Explanations for the apparent paradox have pointed out that during the post War period of rapid increases in the proportion of women who work, the experience level and other work related attributes of the average employed women did not increase, as less experienced women joined the ranks of the employed. The failure of the wage gap to narrow before 1980, therefore, can be partly explained by the failure of women's lifetime work experience to rise as new labor force entrants lowered the work experience of the average working woman.
This research utilizes data from the three continuing panels of the National Longitudinal Surveys (NLS) — the mature women, the young women, and the youth cohort — to measure accumulated years of work experience and to examine changes in life-cycle work patterns across successive cohorts of women born between 1923 and 1964.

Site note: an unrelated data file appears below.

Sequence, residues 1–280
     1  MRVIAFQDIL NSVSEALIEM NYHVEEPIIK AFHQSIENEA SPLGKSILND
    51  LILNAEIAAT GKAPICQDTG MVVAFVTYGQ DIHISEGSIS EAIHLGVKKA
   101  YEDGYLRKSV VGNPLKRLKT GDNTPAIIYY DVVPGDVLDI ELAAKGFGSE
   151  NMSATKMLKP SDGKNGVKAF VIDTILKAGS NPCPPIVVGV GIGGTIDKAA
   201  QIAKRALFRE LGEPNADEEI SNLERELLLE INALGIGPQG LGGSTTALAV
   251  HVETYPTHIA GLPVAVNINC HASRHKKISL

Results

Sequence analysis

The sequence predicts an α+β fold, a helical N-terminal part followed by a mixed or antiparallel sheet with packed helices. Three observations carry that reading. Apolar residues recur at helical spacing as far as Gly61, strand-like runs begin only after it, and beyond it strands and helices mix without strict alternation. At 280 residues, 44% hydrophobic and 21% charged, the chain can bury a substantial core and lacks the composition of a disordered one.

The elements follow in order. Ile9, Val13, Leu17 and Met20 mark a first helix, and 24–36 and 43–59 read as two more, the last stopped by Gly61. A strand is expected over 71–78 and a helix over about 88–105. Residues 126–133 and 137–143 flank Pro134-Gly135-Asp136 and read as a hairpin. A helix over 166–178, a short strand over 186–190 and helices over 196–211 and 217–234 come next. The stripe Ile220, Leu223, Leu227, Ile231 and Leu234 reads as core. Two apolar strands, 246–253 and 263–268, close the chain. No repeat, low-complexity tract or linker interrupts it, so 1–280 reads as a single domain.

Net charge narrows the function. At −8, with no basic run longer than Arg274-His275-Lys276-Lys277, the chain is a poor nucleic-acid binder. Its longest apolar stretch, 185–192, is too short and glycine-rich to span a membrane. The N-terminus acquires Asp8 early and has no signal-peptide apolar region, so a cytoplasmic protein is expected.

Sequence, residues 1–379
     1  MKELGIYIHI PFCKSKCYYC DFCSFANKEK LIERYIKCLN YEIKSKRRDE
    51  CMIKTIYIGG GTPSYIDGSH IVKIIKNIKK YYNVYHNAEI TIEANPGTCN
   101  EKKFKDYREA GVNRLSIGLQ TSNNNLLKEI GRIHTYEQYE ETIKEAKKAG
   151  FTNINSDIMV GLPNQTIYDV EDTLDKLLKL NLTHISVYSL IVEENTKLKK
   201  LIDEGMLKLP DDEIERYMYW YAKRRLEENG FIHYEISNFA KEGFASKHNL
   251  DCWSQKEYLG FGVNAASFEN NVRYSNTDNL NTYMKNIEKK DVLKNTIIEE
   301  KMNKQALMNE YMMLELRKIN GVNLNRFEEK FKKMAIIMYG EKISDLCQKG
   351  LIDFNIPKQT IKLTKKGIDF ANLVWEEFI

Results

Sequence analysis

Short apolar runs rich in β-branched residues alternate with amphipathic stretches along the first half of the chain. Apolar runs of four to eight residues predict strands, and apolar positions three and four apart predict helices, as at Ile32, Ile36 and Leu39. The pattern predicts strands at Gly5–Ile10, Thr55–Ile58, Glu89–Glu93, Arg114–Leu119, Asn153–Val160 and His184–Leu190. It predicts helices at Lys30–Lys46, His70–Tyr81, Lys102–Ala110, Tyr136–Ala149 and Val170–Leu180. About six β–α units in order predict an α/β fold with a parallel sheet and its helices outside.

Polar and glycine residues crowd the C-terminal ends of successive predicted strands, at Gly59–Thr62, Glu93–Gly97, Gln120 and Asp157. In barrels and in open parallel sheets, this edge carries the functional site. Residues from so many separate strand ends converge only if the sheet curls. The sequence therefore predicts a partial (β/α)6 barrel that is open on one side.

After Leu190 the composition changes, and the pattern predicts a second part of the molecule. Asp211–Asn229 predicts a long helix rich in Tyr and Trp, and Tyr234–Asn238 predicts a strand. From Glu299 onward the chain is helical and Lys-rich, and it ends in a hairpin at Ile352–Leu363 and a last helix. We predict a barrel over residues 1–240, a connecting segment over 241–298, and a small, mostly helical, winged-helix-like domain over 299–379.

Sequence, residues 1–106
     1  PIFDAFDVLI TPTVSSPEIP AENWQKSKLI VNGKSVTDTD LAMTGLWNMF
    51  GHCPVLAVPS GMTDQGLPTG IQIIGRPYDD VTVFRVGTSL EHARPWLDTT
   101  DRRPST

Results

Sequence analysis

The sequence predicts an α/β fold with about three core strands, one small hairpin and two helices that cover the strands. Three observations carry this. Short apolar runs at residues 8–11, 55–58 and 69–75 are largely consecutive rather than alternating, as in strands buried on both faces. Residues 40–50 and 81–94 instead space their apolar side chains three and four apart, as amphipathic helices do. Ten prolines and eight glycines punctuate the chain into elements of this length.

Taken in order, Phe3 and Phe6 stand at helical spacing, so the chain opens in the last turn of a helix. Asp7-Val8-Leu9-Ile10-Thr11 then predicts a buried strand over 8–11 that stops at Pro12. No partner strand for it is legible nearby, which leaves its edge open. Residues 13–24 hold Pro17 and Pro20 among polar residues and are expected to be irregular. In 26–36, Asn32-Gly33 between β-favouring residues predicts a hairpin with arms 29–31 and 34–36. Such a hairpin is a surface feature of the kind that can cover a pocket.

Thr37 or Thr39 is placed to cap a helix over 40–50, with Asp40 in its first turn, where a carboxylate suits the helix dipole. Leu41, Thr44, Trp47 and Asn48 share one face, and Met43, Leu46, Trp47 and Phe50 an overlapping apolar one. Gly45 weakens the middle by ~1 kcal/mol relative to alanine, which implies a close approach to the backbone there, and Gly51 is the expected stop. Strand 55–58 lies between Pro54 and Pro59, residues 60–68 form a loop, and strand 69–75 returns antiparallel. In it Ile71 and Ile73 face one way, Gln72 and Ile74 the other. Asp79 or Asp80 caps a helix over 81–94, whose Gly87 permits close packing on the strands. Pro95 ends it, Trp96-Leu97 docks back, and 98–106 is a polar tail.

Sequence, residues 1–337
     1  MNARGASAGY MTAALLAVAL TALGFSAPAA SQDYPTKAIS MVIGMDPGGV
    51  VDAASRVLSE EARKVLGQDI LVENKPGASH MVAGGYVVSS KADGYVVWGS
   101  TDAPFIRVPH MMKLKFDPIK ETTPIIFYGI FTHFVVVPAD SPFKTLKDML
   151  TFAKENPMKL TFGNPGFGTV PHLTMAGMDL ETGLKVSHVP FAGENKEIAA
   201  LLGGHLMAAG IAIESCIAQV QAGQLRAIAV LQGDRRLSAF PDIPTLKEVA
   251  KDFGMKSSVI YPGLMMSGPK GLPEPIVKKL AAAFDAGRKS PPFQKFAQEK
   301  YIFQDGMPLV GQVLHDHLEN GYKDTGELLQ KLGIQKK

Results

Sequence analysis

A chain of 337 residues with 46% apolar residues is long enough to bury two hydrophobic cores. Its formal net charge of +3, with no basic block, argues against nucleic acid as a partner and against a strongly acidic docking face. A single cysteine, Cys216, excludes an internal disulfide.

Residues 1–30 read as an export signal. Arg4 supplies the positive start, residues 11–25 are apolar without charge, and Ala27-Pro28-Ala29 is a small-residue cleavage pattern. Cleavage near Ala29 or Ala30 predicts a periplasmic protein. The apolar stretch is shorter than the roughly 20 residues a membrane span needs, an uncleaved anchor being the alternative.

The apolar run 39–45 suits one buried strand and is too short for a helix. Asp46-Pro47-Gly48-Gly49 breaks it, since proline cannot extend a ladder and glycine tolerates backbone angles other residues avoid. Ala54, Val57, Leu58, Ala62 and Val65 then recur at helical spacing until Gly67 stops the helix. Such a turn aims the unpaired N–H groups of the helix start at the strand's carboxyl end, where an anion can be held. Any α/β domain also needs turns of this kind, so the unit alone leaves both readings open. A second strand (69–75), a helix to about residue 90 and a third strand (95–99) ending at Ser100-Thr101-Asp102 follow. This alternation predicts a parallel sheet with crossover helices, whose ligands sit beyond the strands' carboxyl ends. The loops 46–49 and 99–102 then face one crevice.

This study has investigated how these successive cohorts of women have changed with respect to their accumulation of work-related skills, in terms of level of schooling, career orientation, and attachment to the labor force.
Our results provide evidence that work-related investments have increased from cohort to cohort among white women, although not necessarily for all cohorts of black women. And while we cannot determine from our analysis the extent to which women or their employers are responsible for the increased levels of investment, the former pattern of flat age-earnings profiles for women — the dead-end job syndrome — finally appears to have been overcome, which bodes well for future narrowing of the gender wage gap.